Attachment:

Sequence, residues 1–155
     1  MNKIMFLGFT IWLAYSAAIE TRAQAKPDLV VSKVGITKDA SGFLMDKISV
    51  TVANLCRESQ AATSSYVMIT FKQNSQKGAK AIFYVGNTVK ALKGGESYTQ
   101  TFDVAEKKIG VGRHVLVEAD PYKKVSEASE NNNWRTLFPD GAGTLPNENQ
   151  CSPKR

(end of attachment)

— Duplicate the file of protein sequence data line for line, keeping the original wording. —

Sequence, residues 1–155
     1  MNKIMFLGFT IWLAYSAAIE TRAQAKPDLV VSKVGITKDA SGFLMDKISV
    51  TVANLCRESQ AATSSYVMIT FKQNSQKGAK AIFYVGNTVK ALKGGESYTQ
   101  TFDVAEKKIG VGRHVLVEAD PYKKVSEASE NNNWRTLFPD GAGTLPNENQ
   151  CSPKR